“THE ALTERNATIVE” by Mauricio Miller
Book Review by George Johnson, Rose City Presbyterian Church Do you ask why poverty is still prominent for the past several decades? Not enough money or is the plan seriously flawed? What can/should be done today? The book “The Alternative” as the title suggests, proposes a new approach to eliminating poverty. According to the author most of what we, the well-intended, know about poverty is wrong. Social programs should invest in the strengths of the poor and not be simply charities.
The author, Mauricio Miller, entered US as a young boy with his mother and sister as an emigrant from Mexico. His mother wanted an education and better life for her children. His life in poverty and the sacrifices his single mother made for her family make for thoughtful reading. His family, as with others in in poverty, lived in a social network of community interactions. Learning to be resourceful and working together they survived. He learned that it does not take talent to live with resources, but living in poverty --- every day presents a new learning experience in survival. The prevailing thought by many in social work is that people in poverty make poor decisions, thus, continuing poverty. Miller takes serious issue with that concept - they know what is best for them, but have insufficient resources or opportunities to live out their dreams. They feel obligated to follow the social workers instructions or suggestions rather than follow their own solutions.
He entered University of California, Berkeley, as an engineering student. Living and interacting with students from the elite, money class was an enlightening experience opening a new understanding of life that he never knew existed. He hoped to graduate and get a job. Affluent classmates considered those basic components of life expected entitlements, primarily through family connections. He did graduate, get a job, and was drafted to serve in Vietnam.
Mauricio Miller was not satisfied with life and distraught after the suicide of his mother. She was unable to maintain the stresses and abuses as a single mother and felt unsuccessful in giving her children what she wanted for them. (Reader can learn about his sister who did not follow his path.) He wanted to be more involved with people and helping the under privileged. After a few years he headed a social service NGO. It was “successful” with nationwide recognition. He was invited by President Clinton to the 1999 State of the Union address.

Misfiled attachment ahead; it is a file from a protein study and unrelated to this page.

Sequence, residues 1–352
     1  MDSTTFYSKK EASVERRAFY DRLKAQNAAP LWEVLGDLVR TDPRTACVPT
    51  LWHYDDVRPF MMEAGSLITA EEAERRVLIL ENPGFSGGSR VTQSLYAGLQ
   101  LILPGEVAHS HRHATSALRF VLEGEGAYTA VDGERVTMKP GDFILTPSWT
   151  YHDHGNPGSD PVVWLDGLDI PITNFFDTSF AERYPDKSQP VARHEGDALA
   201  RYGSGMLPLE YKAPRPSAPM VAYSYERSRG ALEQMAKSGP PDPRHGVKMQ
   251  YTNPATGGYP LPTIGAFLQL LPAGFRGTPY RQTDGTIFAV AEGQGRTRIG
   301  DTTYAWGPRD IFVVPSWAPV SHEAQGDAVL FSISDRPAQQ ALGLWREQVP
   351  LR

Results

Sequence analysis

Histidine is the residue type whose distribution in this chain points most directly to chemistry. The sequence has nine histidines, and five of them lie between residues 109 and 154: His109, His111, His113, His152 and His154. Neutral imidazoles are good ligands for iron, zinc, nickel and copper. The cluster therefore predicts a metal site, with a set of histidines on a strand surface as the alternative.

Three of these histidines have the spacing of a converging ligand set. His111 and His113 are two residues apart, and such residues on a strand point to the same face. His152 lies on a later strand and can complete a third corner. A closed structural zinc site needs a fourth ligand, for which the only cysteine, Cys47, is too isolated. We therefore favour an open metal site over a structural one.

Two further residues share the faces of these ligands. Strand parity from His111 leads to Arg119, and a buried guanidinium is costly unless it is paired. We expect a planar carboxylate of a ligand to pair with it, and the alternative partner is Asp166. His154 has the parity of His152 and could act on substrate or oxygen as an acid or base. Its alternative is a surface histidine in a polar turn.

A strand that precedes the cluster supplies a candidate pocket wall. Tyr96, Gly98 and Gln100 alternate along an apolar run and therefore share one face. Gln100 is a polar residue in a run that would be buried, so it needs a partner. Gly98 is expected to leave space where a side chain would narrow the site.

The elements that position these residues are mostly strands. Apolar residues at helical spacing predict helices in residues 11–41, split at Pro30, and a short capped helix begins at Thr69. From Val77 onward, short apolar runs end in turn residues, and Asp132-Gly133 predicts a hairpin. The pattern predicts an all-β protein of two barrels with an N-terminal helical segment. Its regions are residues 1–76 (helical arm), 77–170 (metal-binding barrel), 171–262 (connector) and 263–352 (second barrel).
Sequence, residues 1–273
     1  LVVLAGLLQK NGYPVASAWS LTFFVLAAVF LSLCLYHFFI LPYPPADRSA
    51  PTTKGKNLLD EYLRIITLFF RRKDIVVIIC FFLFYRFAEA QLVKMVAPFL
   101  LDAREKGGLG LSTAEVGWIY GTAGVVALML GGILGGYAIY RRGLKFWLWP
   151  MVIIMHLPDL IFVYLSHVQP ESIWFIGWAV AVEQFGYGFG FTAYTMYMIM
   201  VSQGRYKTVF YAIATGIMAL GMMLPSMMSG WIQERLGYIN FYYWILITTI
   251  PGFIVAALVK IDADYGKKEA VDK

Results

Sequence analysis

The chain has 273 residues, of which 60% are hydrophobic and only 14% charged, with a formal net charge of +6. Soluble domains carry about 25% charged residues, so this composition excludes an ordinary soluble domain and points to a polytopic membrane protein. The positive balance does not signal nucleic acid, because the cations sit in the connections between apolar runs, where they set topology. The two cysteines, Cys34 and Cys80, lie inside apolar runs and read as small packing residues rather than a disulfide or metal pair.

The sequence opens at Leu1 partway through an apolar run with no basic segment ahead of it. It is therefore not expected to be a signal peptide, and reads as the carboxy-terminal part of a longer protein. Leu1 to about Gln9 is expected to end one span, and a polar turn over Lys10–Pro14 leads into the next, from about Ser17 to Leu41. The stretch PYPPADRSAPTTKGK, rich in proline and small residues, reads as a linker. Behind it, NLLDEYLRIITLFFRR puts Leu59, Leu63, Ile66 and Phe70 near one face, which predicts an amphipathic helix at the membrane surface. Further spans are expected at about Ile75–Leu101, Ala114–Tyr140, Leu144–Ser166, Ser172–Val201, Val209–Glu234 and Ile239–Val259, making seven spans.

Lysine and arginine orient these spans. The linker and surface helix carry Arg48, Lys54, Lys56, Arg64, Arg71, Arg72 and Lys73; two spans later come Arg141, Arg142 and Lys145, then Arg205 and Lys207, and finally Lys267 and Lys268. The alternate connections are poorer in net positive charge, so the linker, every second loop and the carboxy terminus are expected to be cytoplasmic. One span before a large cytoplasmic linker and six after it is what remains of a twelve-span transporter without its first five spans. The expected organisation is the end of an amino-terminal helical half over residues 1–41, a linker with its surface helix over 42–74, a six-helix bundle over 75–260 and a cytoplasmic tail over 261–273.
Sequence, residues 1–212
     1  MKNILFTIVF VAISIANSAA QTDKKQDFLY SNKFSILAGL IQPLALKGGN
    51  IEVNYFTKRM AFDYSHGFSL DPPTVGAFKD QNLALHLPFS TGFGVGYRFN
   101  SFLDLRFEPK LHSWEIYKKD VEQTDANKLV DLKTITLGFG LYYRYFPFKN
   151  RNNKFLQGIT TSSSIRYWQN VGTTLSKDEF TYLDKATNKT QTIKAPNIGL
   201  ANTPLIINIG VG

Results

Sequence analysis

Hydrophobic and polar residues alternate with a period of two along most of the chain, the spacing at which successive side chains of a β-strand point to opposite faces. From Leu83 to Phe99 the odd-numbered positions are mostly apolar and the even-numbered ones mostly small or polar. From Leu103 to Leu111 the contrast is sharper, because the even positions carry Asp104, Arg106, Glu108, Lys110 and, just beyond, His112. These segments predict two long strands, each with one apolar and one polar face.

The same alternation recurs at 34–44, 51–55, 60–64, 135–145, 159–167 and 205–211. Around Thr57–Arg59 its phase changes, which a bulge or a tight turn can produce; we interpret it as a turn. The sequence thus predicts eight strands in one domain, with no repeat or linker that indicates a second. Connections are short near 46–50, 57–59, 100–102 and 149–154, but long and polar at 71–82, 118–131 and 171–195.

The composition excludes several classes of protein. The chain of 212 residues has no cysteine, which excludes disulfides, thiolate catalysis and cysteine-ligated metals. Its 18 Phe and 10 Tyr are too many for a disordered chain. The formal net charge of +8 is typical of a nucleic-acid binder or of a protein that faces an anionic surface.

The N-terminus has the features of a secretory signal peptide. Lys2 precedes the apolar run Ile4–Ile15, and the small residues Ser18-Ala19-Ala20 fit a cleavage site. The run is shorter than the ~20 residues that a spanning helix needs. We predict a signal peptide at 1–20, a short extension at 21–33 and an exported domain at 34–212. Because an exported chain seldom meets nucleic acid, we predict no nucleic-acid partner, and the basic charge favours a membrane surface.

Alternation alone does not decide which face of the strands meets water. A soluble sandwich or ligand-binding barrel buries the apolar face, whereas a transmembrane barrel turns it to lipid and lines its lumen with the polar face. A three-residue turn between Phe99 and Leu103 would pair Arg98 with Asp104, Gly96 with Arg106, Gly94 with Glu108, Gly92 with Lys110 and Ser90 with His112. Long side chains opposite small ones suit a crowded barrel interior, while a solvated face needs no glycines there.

But he was not satisfied. He felt hypocritical and that advancements of his clients were minimal; thus the program was not justified. He calculated that clients would be better off if he gave them directly the money he received for the projects. What to do? At that time, by serendipity (or God’s providence), Governor Jerry Brown contacted him and asked what California could propose to a national poverty grant announcement. His thoughts went back to his mother. She was extremely resourceful and also talented as a seamstress. What could she have accomplished if she had access to even small financial resources? She and other immigrants were extremely resourceful, relied on each other, and shared what they had. Would not these basic concepts be the basis for a new approach? Would not learning what they need to survive be valuable - a bottom up rather than a top down approach - in social service? Would not those in poverty know better about living in poverty than those with post-graduate degrees from prestigious universities? Governor Brown was impressed, took his advice, and was awarded the grant.
The last portion of the book describes development and principles of his “alternative” approach. It grew into what is called today the “Family Independence Initiative” (FII). It began in Oakland, and has expanded into several cities (https://www.fii.org/ https://www.uptogether.org/) including Portland by partnering with the Multnomah Idea Lab (https://multco.us/dchs/mil). The basic principle is that clients are in charge. They are paid to work together and develop their own plans, and in doing so they “educate’ the social workers. Program resources go to clients with much less to social workers. The purpose of this review is not to explain in detail or defend the FII. Readers are encouraged to access the internet sites to learn and understand.
All who are troubled by poverty and want to alleviate this injustice in our society should read this book. Mauricio Miller describes the flaws in our social service network and how the strengths of the poor, not the weaknesses, should be emphasized. Importantly, the book provides the reader insight of how those around us in poverty view themselves. What is the future for social programs? What initiatives should we support, advocate and participate in? What can we learn from the past?